Coalitions and the Government of National Unity in Mauritius

At the end of the colonial period, Mauritius was an isolated plantation economy in the Indian Ocean almost entirely dependent on the export of sugar; its multi-ethnic population had done battle in violent urban riots and was deeply divided. Yet in the two decades after it gained its independence in 1968, it became a development 'superstar' with stable growth, democracy, social welfare and equity.

It's surely worth knowing why. This DLP study finds that education was influential; many of the first generation of post-independence leaders were graduates of the main island’s elite government secondary school, and at least half of the national unity cabinet of 21 people had been university students in London. A free media, new civic associations, and the Catholic Church gave steady support. And all of this was set against the sober realisation that the country had to unify – or sink.

 

Researchers: Deborah Brautigam (American University, Washington) and Tania Diolle

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About DLP

The Developmental Leadership Program (DLP) is an international research initiative that explores how leadership, power and political processes drive or block successful development.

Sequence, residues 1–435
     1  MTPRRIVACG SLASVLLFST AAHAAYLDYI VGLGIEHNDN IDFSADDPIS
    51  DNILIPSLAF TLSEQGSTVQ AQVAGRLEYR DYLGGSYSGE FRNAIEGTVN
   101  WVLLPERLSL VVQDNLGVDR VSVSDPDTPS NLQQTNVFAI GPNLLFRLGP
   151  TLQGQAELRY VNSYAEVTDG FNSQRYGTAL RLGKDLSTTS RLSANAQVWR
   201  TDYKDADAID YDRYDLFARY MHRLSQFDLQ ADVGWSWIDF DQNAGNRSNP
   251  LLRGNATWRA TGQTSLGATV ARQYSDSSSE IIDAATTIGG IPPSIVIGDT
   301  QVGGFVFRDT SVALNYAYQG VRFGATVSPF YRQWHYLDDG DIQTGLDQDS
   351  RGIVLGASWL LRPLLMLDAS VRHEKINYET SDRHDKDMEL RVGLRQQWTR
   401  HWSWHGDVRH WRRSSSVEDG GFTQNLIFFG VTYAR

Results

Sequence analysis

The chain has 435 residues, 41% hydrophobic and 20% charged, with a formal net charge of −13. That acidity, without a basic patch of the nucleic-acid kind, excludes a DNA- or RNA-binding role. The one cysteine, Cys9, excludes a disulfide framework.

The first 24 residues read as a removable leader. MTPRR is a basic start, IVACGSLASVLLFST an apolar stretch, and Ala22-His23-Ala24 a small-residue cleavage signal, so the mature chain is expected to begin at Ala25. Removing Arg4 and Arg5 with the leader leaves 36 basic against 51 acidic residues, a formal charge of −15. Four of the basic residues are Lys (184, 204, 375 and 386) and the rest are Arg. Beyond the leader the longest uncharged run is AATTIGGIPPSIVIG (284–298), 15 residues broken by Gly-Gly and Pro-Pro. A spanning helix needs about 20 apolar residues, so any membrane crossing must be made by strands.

DLP focuses on the crucial role of home-grown leaderships and coalitions in forging legitimate political settlements and institutions that promote developmental outcomes, such as sustainable growth, political stability and inclusive social development.

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News

New findings on education and developmental leadership in the Philippines

Thursday 15th September 2016

New research from DLP and the University of Glasgow explores the role of higher education in the emergence of leaders who promote development in the Philippines. See the policy brief, podcast and paper.

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Political settlements in Africa

Thursday 7th July 2016

Political settlements in Africa, the politics of inclusion and the role of international actors were the focus of the most recent BISA Africa Working Group workshop, convened by DLP Research Fellow Suda Perera at the University of Birmingham.

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